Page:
Lucerne, Switzerland – Day 2

 

 

We had a bit of a lazy morning before heading down the mountain to Lucerne.  It’s incredible to me how much space we occupy in America for our roads and our bridges and Right of Way and just in general.  When you come to Europe, your hotel might very well be up a goat path of a road that the bus huffs and puffs its way up so that it can pull off in a little side space to let the line of cars pass it by.  It’s crazy how steep and narrow some of the streets are.  They must have very good drivers in these countries.

Another thing I noticed about transportation – because you know, I like that kind of thing – is how many bicycles there are.  So many people ride bikes and they ride them up those crazy hills!  It’s incredible.  My friend and I were commenting on how we wouldn’t ride a bike up one particular hill, and seconds later a female cyclist came around the corner and started up toward us.  We wanted to cheer her on.  I wonder if people are used to the athletic nature of their counterparts in these countries?  Back home it’s always surprising when somebody bikes to work or runs home afterward or swims more than two miles.  I wonder if these things are just as surprising in cities across the world?  Is it weird in Washington DC or New York City where there are so many cyclists?  Is it American culture that is surprised by athleticism?  Or is it a global thing?  Do the Swiss or Italians or Germans find it normal to seek alternative transportation?  It’s an interesting question.  The snapshot of Swiss people we have seen all appear to be in good physical shape and very healthy.  Switzerland is awesome.

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Anyway, we made our way to Lucerne and the first thing we saw was the monument to the Swiss bodyguards who lost their lives defending the French monarchy during the Revolution.  There were 1100 Swiss bodyguards at the time.  (When the tour guide was telling the story, he kept calling them lifeguards – which was really wonderful imagery to picture defending the monarchy in the late 1700s.)  The monument was of a lion dying, his hand on a shield with a French emblem and a shield with a Swiss flag emblem behind him.  It was so tragic.  Over 600 men lost their lives defending a castle from invasion – and the entire time King Louis and Marie Antoinette had been relocated to safety and weren’t even there to defend.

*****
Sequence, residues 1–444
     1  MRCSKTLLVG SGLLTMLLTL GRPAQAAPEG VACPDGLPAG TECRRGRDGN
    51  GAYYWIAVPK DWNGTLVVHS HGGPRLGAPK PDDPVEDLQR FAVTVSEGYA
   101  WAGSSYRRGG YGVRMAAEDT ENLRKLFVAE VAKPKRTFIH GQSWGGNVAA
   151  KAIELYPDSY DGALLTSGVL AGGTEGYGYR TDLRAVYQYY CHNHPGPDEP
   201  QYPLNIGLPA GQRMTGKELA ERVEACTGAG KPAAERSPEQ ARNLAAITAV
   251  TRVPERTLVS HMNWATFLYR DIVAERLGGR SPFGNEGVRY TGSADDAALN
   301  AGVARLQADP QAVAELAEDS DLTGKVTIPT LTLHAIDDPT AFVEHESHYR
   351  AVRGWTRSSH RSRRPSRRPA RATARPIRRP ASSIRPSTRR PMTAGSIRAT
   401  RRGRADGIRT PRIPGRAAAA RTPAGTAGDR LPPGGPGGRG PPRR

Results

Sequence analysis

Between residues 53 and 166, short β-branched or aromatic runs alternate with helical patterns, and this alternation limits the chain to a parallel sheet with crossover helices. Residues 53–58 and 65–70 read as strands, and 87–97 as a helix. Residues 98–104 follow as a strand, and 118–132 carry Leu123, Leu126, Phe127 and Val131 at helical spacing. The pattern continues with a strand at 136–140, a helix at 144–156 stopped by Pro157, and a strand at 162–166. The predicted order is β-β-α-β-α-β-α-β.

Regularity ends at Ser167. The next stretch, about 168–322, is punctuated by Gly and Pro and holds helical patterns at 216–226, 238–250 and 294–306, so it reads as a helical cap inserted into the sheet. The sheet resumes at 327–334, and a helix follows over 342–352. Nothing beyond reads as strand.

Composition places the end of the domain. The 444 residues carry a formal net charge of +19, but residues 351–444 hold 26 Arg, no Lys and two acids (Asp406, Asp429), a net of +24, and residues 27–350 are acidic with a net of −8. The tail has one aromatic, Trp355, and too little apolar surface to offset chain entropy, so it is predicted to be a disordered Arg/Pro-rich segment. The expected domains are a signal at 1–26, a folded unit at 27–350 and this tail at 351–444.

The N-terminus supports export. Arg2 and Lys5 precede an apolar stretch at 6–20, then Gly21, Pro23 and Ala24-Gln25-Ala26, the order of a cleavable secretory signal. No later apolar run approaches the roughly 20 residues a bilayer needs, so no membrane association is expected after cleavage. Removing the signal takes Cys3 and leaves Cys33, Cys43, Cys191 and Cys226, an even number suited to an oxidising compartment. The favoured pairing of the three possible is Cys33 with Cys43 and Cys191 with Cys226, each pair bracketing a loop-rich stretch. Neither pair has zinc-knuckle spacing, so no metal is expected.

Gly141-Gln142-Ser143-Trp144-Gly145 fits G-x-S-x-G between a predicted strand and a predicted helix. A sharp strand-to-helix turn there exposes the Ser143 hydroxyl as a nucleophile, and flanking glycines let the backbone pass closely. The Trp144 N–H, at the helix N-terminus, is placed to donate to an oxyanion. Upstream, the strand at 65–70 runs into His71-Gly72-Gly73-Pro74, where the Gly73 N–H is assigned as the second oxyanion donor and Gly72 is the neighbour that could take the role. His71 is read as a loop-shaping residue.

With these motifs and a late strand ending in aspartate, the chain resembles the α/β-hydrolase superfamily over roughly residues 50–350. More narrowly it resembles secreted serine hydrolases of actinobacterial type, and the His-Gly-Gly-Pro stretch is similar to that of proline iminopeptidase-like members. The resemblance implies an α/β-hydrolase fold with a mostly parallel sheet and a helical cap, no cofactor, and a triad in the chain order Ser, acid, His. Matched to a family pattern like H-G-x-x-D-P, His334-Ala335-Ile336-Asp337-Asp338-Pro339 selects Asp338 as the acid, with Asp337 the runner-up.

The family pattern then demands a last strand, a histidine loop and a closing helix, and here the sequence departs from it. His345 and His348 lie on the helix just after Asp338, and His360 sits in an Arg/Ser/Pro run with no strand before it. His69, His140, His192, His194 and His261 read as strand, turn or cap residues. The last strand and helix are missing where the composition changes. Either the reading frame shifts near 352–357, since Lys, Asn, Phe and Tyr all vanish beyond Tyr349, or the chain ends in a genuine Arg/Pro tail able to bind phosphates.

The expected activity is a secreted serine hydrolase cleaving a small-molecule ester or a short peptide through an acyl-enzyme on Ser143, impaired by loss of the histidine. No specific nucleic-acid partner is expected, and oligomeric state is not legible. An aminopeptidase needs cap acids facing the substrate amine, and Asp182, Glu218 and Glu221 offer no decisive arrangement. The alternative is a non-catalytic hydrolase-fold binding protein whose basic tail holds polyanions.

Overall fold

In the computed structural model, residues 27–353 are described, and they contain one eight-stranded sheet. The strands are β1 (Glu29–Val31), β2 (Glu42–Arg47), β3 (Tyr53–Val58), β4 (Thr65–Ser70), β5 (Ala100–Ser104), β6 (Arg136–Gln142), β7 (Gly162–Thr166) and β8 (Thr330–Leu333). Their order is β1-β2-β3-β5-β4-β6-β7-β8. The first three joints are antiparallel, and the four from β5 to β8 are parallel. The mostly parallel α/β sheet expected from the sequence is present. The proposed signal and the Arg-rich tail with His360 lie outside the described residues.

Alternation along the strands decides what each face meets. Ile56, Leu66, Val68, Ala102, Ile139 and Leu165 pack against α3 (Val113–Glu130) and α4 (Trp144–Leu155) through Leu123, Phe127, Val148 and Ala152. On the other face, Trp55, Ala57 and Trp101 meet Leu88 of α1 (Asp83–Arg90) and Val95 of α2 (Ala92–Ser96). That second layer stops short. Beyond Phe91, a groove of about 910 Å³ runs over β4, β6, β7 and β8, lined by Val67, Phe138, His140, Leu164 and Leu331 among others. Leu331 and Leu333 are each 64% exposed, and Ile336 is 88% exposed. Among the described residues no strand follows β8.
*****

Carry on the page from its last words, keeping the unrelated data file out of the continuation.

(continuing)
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PSA: You’re all going to die.

We took a walking tour of Lucerne afterward, seeing the old wall that was part of the original city then down to the water front.  We walked the old wooden walkways that have been there forever and were a part of the defense of the water ways into Lucerne.  The walkways had old artwork hung over them along the way with strange depictions of men with skulls for heads and people either fighting it or running away from it or something.  I asked Frank about them and he said they were reminders to people about death.  They show death coming for people of all kinds – rich, poor, old, young, beautiful, etc.  How’s that for a public service announcement?  How about public service announcements being considered artwork some day?  Good times.

We finished our tour in front of the premier Rolex and watch dealership in Switzerland!  I didn’t go in, although it would have been neat to see the price tags.  We had lots of free time after our tour finished.  Winter (curiously enough, she’s another 30-something young person from Rutland that I had to go to Switzerland to actually meet) and I went to take in the Museum of Modern Art.  One of the displays had swings so we actually got to swing in a museum!  It was great.  We had to take a selfie.  Also, in the kids section, we got to draw cartoons of our life.  My hair has been crazy since my hair straightener doesn’t work, so I drew my comic about it swallowing my face.  It made me laugh!

We enjoyed the artwork and walking around in the sunshine and 70 degrees.  It’s been so gorgeous and clear.  On another environmental note – THE WATER!!!  The water is so clear here!  I just want to swim in it in the worst way!  It reminds me of Lake George and I just ache to feel the cold of it and get to know it.  I want to dip right in and surrender to the unfamiliar nature of it and see how it compares to my water back home.  What color is it?  What sounds will I hear?  What’s the texture and the smell and the taste of it?  I think I might carry my swimsuit around with me from now on.  Just in case of an emergency.  That’s not weird.  It’s only weird if you wear it all day in case of an emergency.  We passed by some dams or locks, perhaps, too that caught my attention.  My VTC counterparts and I were speculating about the construction and the use of some of the dam, but the tour guide didn’t say much about it.  I found an English sign so I got to read about it a bit at least.  I like environmental controls and turbidity readings and water clarification processes and stuff like that.  It’s neat to observe these things in other countries.

The bells are tolling nine o’clock.  We’ve heard the cowbells being rung on the hillsides as the sun goes down – I’m not sure what type of livestock they are actually calling in or if they are even for that, but it was really neat to hear.

My only complaint so far is that my ankles swelled up on the plane and they have not unswelled.  It went down a bit during the night last night, but we’ve been walking over 6 miles a day and they are not improving.  It doesn’t hurt, I just feel… gross or something.

I am having such a good time, although I am a bit nervous about presenting about Dante’s Divine Comedy and need to be a weirdo and do some research now.  Tomorrow we head for Italy with a stop in Verona before we go to our destination just outside of Venice.  It’s going to be amazing.

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